And I’m hopeful that this won’t become another American war where we commit ground troops to go on a search for the light at the end of some tunnel that never ends. Let’s face it. In just about every military action these days, the French head home following Happy Hour. Just sayin.’

Saying all that, it seems to me that the Prez should be taking some time to explain what is going on in Libya — the Middle East in general — and how we are going to get the hell out of this mess.

Here’s Richard Cohen opining in WaPo, “Mixed Signals from Obama and the Middle East.

The Middle East is a mess and a muddle, all of it happening at pretty close to warp speed. The search for a Unified Theory of What Is Happening is futile. Bahrain is our pal; Libya is not. Saudi Arabia has all that oil; Egypt doesn’t. Iran is our enemy and its enemies must be our friends. The scorpion that lethally stings the frog that’s transporting it across the Suez Canal is not a metaphor for the Middle East but a virtual position paper. Look: The Arab League’s Amr Moussa — its departing secretary general — called for a no-fly zone and then, appalled at the violence of this military strike, expressed second thoughts. Moussa has the countenance of a Las Vegas blackjack dealer, a rare manifestation of form following function.

Still, the Obama administration has applied incoherence to confusion. It is an odd, dangerous, mix. A day into the operation, the bedraggled chairman of the Joint Chiefs of Staff, Adm. Mike Mullen, appeared everywhere but on Animal Planet to say that the operation he himself clearly did not favor might end with the man the president said he wanted gone — a certain Col. Gaddafi — still in power. “That’s certainly, potentially, one outcome,” Mullen said on “Meet the Press.”

And the editors of the New York Times have some tepid reservations as well. Here’s from this morning’s editorial, “At War in Libya.”

Col. Muammar el-Qaddafi has long been a thug and a murderer who has never paid for his many crimes, including the bombing of Pan Am Flight 103. The United Nations Security Council resolution authorized member nations to take “all necessary measures” to protect civilians and was perhaps the only hope of stopping him from slaughtering thousands more.

The resolution was an extraordinary moment in recent history. The United Nations, the United States and the Europeans dithered for an agonizingly long time and then — with the rebels’ last redoubt, Benghazi, about to fall — acted with astonishing speed to endorse a robust mandate that goes far beyond a simple no-fly zone. More extraordinary was that the call to action was led by France and Britain and invited by the Arab League.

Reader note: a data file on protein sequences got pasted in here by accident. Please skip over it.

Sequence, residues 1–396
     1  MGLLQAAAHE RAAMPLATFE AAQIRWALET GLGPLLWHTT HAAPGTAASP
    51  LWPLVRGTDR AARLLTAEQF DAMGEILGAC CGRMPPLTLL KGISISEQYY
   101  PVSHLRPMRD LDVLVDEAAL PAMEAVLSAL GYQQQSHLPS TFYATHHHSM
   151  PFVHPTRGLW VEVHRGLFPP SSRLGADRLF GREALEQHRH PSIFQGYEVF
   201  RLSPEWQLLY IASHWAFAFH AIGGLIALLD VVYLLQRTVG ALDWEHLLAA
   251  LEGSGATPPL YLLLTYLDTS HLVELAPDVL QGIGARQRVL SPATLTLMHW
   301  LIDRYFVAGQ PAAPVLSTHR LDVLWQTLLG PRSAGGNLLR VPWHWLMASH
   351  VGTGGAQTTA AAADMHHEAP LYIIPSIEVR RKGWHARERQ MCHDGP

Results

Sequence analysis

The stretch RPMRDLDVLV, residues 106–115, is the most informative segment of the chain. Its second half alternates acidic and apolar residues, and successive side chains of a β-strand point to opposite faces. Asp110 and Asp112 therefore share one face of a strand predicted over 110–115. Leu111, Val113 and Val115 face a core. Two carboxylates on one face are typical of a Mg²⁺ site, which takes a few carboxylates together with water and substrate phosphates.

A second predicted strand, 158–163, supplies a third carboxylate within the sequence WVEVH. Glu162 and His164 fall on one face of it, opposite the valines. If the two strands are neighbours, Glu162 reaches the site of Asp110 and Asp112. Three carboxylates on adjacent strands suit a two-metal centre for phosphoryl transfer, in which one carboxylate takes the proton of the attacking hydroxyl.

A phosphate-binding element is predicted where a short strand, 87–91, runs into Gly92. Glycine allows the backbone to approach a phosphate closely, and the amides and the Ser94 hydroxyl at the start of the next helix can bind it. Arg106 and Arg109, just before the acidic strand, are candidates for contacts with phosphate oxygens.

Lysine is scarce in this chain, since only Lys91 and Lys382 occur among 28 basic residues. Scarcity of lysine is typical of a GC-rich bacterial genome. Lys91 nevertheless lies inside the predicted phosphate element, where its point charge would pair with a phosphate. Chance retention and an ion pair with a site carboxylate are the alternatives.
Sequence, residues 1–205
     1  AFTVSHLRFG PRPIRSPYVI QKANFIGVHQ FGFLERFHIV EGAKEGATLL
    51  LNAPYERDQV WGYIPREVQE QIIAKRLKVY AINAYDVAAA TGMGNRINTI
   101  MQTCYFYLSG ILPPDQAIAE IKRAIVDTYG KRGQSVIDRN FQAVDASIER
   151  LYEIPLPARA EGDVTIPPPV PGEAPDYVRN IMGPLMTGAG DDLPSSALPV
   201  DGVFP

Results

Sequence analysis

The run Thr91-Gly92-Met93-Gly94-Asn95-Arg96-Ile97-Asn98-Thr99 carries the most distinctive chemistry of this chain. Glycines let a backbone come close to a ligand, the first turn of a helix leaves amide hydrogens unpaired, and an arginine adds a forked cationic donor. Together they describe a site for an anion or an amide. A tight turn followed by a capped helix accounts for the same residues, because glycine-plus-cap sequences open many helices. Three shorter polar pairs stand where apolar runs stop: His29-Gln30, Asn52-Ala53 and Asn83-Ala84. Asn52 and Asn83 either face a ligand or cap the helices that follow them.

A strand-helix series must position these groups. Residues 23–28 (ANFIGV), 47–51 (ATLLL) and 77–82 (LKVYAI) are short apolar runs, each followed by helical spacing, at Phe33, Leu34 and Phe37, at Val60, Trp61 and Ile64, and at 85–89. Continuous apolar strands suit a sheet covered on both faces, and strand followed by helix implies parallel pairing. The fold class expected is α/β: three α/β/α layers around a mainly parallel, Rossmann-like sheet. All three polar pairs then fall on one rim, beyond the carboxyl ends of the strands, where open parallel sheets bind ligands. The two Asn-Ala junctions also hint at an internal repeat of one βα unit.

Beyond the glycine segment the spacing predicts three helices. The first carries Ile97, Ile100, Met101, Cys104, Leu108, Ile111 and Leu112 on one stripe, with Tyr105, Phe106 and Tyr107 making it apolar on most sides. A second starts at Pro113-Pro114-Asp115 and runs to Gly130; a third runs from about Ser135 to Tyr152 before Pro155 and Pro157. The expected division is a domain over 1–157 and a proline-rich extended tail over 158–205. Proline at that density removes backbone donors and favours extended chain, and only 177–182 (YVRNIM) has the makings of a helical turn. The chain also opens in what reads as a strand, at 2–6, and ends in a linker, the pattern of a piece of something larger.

There is much to concern us. President Obama correctly agreed to deploy American forces only when persuaded that other nations would share the responsibility and the cost of enforcing international law. The United States is already bogged down in two wars. It can’t be seen as intervening unilaterally in another Muslim nation. But even with multinational support, it should not have to shoulder the brunt of this conflict.

Not exactly a commentary or opinion that will stir the masses to action. Looks like the NYT editors are going to drive down the middle of the road on this one — unless a truck comes barreling the other way.

So let’s see what George Will has to say on what is certainly one of the big fish in the skillet here — “Is it America’s duty to intervene wherever regime change is necessary?

The missile strikes that inaugurated America’s latest attempt at regime change were launched 29 days before the 50th anniversary of another such — the Bay of Pigs of April 17, 1961. Then the hubris of American planners was proportional to their ignorance of everything relevant, from Cuban sentiment to Cuba’s geography. The fiasco was a singularly feckless investment of American power.

Does practice make perfect? In today’s episode, America has intervened in a civil war in a tribal society, the dynamics of which America does not understand. And America is supporting one faction, the nature of which it does not know. “We are standing with the people of Libya,” says Secretary of State Hillary Clinton, evidently confident that “the” people are a harmonious unit. Many in the media call Moammar Gaddafi’s opponents “freedom fighters,” and perhaps they are, but no one calling them that really knows how the insurgents regard one another, or understand freedom, or if freedom, however understood, is their priority.

But, then, knowing is rarely required in the regime-change business. The Weekly Standard, a magazine for regime-change enthusiasts, serenely says: “The Libyan state is a one-man operation. Eliminate that man and the whole edifice may come tumbling down.” And then good things must sprout? The late Donald Westlake gave one of his comic novels the mordant title “What’s the Worst That Could Happen?” People who do not find that darkly funny should not make foreign policy.

So we’ll see. Another foreign policy of shock and awe potentially to be replaced by hope and pray.

But I am standing behind Prez O on one thing no matter what.

We’ve both got Kansas at the top of the NCAA totem pole.